Vision Critical

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Today’s leading brands have adopted an omnichannel mentality. In other words, your brand is the sum total of experiences that every customer has with your company. Whether a customer interacts with your social customer service team, mobile site or sales representative, every touchpoint should compliment the other.

Take Adidas, for example. Even though Adidas’ brand portfolio spans across many products, services and channels, the customer experience is seamless. Herbert Hainer, the CEO of Adidas, recently explained that the company’s “consumer-obsessed mindset is strongly embedded in our 2020 strategic business plan and is the foundation to create brand desire with our consumers.” This clear brand vision, coupled with customer centricity, means that in-store shoppers have the same great experience as someone using a miCoach mobile app.

There’s also a financial incentive to focus on customer experience. Companies like Adidas that obsess over customer experience outperformed the S&P 500 by more than 25 percent over a six-year span. Conversely, companies that failed to improve the omnichannel experience fell by more than 30 percent over that same time period.

We collected 13 impressive statistics that show the importance of—and opportunity in—improving customer experience.

13 Statistics on the importance of customer experience

Customer expectations have changed.
  1. A vast majority (86 percent) of buyers would pay more for better service. (Tweet this stat!)
  2. Brands need to provide a more consistent experience according to 87 percent of today’s buyers. (Tweet this stat!)
  3. Seventy-five percent of online customers expect a response within five minutes. (Tweet this stat!)
Businesses are now competing for better service.
  1. In 2016, 89 percent of organizations will compete for customer experience. (Tweet this stat!)
  2. Eighty-nine percent of marketers think customer experience will be their main differentiator by 2017. (Tweet this stat!)
Perfecting the customer experience can do wonders for business.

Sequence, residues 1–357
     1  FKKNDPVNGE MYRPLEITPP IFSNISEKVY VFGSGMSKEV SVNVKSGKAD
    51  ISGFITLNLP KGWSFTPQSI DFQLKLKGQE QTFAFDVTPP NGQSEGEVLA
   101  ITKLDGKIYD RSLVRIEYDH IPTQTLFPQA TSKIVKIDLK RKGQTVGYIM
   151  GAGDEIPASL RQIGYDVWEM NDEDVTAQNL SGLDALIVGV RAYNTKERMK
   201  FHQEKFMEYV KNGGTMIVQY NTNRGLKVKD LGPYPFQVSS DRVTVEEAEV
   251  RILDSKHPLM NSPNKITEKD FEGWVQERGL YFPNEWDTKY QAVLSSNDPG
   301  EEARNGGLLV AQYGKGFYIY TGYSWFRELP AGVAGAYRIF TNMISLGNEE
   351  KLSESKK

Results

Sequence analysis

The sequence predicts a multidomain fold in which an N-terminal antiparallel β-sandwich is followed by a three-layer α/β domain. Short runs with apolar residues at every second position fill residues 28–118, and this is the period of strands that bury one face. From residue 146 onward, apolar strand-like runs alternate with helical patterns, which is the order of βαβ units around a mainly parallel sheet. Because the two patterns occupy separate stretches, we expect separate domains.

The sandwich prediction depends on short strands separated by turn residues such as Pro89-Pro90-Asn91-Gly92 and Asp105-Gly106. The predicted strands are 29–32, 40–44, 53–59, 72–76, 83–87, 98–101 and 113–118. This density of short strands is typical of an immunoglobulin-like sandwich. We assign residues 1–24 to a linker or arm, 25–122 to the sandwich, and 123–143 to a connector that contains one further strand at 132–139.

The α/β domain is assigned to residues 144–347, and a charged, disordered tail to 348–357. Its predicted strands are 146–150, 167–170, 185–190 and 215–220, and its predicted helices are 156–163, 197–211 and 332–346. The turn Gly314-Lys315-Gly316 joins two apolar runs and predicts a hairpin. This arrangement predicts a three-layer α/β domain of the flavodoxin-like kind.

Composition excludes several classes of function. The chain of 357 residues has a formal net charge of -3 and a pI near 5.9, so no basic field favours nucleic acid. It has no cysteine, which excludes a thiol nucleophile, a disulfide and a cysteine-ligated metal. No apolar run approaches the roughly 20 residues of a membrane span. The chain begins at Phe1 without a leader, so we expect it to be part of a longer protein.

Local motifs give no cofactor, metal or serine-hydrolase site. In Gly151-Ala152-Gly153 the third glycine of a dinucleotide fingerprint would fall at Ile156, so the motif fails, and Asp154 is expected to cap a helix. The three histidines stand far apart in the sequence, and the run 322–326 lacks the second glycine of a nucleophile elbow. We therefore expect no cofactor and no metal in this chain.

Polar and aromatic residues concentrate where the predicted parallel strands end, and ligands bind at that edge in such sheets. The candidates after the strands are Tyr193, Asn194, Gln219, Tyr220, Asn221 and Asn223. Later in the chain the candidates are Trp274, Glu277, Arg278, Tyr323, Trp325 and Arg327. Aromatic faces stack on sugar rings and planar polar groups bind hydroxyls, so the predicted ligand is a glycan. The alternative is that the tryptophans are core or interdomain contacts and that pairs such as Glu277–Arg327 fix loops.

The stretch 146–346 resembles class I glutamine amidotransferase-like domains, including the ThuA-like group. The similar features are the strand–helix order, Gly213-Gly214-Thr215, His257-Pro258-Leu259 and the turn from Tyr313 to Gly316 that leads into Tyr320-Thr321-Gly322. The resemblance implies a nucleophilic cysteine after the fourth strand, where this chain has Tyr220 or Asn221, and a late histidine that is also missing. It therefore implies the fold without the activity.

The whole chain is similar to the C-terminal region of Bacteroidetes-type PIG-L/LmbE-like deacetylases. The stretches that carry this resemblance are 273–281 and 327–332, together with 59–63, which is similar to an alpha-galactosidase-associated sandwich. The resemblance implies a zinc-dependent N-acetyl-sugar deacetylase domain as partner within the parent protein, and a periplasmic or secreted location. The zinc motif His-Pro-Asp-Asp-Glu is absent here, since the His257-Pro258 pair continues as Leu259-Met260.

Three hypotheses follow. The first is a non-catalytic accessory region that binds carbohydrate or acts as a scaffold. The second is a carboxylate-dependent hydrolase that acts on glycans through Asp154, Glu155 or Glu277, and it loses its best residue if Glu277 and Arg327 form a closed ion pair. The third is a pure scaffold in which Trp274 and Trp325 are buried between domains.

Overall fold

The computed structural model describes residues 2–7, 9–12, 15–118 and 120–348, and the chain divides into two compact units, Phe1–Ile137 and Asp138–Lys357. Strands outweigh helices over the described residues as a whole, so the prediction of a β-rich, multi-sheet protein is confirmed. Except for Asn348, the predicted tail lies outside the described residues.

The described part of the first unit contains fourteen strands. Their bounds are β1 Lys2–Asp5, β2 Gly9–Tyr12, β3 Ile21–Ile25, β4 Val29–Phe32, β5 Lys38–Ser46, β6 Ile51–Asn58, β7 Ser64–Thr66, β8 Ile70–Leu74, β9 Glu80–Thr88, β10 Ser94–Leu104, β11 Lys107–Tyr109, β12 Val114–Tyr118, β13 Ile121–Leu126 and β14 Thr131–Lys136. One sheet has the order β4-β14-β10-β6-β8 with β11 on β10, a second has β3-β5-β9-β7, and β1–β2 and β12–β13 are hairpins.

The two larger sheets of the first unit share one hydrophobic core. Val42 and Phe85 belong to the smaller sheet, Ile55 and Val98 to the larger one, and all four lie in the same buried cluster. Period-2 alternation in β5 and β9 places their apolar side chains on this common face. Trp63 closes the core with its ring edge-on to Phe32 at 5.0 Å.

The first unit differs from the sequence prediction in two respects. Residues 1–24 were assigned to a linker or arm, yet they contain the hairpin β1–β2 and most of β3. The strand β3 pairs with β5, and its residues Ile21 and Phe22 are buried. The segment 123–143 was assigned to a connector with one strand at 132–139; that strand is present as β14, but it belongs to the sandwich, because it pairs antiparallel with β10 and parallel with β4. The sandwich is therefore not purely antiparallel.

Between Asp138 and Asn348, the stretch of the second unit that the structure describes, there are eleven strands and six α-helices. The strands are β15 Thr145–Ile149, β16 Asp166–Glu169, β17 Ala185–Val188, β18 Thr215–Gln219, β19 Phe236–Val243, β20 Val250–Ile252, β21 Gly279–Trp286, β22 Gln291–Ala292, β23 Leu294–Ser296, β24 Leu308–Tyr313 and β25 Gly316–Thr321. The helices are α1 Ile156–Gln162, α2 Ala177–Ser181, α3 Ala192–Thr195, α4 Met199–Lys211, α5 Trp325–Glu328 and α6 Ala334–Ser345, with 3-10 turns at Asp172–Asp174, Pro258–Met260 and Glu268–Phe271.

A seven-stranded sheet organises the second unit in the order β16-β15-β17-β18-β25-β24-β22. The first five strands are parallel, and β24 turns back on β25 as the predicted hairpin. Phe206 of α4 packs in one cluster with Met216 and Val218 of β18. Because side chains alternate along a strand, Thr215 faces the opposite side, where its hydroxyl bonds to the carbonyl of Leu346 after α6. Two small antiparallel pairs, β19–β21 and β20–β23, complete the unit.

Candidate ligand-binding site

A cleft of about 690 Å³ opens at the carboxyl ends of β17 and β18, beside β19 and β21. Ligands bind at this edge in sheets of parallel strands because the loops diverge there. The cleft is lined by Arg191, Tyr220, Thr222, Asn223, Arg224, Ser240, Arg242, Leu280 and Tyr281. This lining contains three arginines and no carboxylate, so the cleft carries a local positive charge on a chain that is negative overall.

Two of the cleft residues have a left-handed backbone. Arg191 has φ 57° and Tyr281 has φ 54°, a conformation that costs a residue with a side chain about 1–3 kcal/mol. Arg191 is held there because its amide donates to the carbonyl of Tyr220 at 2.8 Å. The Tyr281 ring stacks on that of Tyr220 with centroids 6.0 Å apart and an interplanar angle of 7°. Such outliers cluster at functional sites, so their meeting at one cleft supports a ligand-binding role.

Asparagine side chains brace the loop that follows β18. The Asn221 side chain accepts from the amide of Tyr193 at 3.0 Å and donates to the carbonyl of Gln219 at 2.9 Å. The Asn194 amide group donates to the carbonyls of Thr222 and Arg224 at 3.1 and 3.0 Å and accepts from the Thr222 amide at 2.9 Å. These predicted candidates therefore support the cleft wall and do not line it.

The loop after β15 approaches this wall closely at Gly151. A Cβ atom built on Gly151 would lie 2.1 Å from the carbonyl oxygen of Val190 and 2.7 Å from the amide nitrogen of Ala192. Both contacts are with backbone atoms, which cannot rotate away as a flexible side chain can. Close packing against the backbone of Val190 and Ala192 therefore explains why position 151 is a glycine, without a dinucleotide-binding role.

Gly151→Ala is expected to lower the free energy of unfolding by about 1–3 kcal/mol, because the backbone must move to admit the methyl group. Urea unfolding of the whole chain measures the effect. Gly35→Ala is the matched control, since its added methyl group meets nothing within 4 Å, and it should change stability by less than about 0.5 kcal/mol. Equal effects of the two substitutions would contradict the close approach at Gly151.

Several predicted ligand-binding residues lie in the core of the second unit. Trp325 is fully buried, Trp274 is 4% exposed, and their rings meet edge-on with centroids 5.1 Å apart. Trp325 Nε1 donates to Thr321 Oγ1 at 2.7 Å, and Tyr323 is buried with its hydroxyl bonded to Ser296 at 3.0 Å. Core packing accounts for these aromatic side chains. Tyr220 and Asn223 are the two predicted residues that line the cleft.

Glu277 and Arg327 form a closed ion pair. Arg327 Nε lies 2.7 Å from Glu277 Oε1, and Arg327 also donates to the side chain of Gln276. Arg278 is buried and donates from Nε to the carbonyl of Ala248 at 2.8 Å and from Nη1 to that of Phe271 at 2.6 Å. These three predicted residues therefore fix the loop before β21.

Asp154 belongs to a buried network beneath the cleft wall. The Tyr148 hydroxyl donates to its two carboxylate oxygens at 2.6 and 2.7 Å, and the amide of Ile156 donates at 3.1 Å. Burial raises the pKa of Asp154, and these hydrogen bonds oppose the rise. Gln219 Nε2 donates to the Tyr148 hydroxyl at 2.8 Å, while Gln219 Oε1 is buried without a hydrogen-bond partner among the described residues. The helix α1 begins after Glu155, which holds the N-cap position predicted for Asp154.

1. Improved experience can grow revenue by five to 10 percent—and cost 15 to 20 percent less—over a span of three years. (Tweet this stat!)
  2. Loyal customers are seven times as likely to test an offering, five times as likely to buy again and four times as likely to refer. (Tweet this stat!)
  3. Three out of four people have spent more with a company because of a history of positive experiences. (Tweet this stat!)
One bad experience can be devastating for brands.
  1. People talk: 95 percent of customers tell others about a bad experience. (Tweet this stat!)
  2. $1.6 trillion = The estimated cost of customers switching due to poor service. (Tweet this stat!)
Customers want to be loyal to brands and give their input.
  1. Nearly 40 percent of retail leaders say that earning the loyalty of millennials is their greatest challenge. (Tweet this stat!)
  2. Ninety-seven percent of global consumers cite customer service as important in their brand choice and loyalty. (Tweet this stat!)
  3. In the U.S. alone, there are 3.3 billion loyalty program memberships—an average of 29 per family. (Tweet this stat!)

Concluding thoughts

We’re in the middle of what many people are calling the ‘Age of the Customer.’ This is where customers shape strategies and decide what to buy and when. In this scenario, however, business leaders have very little control over what customers say or where their loyalties lie when it comes to making buying decisions. What brands can control is the customer journey.

Customers often don’t recall where or when they first interacted with a brand. What they do remember—and will happily tell others about—is how they felt, how much effort they had to expend and whether their visit was successful. This is where customer experience comes in.

The best brands out there are the ones that have complete control over the entire customer experience, without the customer ever realizing it. As consumers, we like to think that we’re creating unique interactions and experiences every time we engage with a brand. It’s up to brands to make it feel that way (while keeping it positive and effortless).

The enterprise guide to customer experience

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